Inaugural Gaelic literature festival draws a crowd

‘Às an Tobar’, the first Gaelic-medium literature festival held in Uist, was hailed a success by organisers Ceòlas Uibhist. The festival, which took place between 30th November and 2nd December, exhibited the range of work being produced in Gaelic, both by Uist authors or about Uist subjects. Over 130 people were in attendance throughout the weekend across the events.

Friday featured three sessions of ‘Leugh is Seinn’ with Linda MacLeod, who travelled from Eriskay to Ormacleit and Ìochdar, bringing her musical reading to kids across South Uist. ‘Leugh is Seinn’ is a Gaelic Books Council organised event aimed at encouraging Gaelic reading to children of preschool age.

In the evening, Ceòlas’ AGM was followed by the Uist launch of ‘Forradh: Sly Cooking’, an illustrated selection of a number of the words and expressions collected by Fr Allan MacDonald (1859-1905) in Eriskay and South Uist. Catrìona NicIlleDhuibh, author of ‘Forradh’ and originally from Edinburgh, flew in from the Netherlands, where she is now resident. Illustrations of Gaelic words in the book, in the form of linocuttings, were also for sale (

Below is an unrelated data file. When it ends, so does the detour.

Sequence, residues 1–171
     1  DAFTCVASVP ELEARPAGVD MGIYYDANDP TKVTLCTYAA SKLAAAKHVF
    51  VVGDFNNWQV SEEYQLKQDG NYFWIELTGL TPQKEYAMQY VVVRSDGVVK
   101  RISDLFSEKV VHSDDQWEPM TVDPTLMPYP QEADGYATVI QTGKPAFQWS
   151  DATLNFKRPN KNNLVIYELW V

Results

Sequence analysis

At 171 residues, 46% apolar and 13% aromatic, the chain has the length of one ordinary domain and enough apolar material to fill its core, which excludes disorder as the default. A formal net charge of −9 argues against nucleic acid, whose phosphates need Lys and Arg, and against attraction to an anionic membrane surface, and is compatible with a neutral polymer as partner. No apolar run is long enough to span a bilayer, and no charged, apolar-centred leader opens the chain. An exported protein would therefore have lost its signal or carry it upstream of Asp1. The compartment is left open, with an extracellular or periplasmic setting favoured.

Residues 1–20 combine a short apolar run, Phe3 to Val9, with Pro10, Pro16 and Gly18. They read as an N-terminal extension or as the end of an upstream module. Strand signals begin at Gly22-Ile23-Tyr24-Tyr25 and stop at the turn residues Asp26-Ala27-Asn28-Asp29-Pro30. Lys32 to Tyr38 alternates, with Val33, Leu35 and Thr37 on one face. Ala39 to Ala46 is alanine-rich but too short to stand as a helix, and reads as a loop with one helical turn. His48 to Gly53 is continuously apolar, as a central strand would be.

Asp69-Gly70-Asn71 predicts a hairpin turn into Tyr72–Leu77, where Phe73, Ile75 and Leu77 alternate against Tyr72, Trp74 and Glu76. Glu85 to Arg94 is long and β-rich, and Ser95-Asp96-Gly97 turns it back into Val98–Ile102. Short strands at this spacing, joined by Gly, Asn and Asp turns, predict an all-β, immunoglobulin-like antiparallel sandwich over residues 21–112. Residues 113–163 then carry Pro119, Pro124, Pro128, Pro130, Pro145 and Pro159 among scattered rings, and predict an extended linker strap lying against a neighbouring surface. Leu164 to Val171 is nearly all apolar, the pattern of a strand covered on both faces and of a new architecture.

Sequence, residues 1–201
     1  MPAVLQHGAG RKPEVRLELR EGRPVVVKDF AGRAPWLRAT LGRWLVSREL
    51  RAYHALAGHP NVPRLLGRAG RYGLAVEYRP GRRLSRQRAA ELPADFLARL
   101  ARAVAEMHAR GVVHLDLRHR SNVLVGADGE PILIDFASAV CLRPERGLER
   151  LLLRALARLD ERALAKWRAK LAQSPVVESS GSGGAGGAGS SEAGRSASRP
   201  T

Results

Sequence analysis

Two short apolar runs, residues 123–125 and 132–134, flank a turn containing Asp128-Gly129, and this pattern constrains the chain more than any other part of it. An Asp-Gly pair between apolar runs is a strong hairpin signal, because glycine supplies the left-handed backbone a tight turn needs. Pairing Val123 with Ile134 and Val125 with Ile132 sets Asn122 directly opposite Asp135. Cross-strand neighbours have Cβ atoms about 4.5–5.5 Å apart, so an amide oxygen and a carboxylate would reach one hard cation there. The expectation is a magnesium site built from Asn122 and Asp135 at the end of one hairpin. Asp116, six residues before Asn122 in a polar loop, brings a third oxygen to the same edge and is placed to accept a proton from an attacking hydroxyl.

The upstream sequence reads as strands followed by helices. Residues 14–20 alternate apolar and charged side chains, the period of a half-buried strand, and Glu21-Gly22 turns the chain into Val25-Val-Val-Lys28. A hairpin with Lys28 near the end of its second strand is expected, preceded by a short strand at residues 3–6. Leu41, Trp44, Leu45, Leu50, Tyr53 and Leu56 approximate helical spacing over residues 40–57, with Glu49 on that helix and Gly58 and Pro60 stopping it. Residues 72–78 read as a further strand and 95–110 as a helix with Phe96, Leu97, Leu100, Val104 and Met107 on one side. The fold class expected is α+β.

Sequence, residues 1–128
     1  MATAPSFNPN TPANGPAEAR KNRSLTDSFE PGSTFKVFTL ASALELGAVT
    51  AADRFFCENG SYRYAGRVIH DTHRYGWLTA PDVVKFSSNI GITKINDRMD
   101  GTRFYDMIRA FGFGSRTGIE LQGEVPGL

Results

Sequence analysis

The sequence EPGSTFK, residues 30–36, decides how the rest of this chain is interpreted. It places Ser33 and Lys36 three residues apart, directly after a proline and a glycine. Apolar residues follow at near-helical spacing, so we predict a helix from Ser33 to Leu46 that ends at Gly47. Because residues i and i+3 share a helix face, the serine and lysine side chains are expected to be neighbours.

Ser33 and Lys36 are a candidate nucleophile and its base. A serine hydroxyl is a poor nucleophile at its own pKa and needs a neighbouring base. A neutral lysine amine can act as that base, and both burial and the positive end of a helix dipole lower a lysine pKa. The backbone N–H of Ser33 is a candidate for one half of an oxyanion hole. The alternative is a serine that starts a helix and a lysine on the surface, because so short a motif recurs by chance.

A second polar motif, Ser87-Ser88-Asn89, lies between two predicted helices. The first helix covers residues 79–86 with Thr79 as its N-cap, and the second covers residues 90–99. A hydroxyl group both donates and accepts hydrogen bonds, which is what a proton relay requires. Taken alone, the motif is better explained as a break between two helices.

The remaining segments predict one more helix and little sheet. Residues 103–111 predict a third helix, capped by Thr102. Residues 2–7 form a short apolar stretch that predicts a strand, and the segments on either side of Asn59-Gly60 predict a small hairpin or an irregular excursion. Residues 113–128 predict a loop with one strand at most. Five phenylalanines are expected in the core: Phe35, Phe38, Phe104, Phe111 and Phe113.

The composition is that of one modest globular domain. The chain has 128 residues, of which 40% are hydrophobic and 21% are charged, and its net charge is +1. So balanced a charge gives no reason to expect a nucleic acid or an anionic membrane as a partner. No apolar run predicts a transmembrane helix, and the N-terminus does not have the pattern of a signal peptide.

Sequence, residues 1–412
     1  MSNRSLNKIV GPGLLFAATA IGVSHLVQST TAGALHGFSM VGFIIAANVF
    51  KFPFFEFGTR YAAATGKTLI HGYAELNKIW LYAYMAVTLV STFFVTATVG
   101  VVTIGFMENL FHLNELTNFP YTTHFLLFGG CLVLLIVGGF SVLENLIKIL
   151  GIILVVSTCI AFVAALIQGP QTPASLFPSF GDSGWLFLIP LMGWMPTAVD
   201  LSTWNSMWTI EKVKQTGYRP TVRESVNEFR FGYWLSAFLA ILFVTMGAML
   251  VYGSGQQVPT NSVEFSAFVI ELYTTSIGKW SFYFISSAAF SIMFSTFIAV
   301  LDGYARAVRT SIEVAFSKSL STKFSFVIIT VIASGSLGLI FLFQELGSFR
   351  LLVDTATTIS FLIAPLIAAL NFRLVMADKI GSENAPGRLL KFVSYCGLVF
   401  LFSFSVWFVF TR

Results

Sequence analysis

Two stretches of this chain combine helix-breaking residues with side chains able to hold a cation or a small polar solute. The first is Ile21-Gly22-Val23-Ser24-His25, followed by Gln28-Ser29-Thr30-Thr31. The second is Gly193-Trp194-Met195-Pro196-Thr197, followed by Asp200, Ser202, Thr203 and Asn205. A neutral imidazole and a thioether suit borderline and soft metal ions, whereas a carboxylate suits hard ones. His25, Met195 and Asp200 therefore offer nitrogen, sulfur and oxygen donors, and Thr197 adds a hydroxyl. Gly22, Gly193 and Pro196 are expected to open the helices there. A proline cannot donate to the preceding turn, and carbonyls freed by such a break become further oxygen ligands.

Locals had a second chance on Saturday afternoon to discuss these cherished words, many of which are still remembered by the community. Conversation ranged from landscape-specific features such as ‘bàsadair’ and ‘sùil-chruthaich’ to personality descriptors including ‘cabag’ and ‘smuig’, demonstrating the semantic wealth of the Gaelic language in the area.

Seonag Monk, well-known in the Gaelic world as radio presenter and comedy writer of great merit, delighted audiences conversing about her writing inspirations and reading from her book ‘Mil san Tì’. Growing up in the ferryman’s house in Gramasdail, Benbecula, she was surrounded from an early age by storytelling and this has manifested in her own attractive style.

South Uist has been home to a great number of Gaelic bards of high quality over the years. In 2017, Marion Morrison received the New Gaelic Writers Award for her Gaelic poetry, a prize by the Scottish Book Trust and Gaelic Books Council to encourage new writers in the language. The audience listened to a selection of her poetry, ranging from Romani in the Barcelona streets to sunsets from the Our Lady of the Isles statue on Ruaidheabhal, before being treated to a short cèilidh in the traditional style.

Ceòlas would like to thank the festival’s funders – Scottish Book Trust, Bòrd na Gàidhlig, Comhairle nan Eilean Siar, HIE and Creative Scotland, and to Kildonan Museum, Acair publishers, MacTV, our caterer and all those who came out to the events. The festival will be back during the same week in 2018.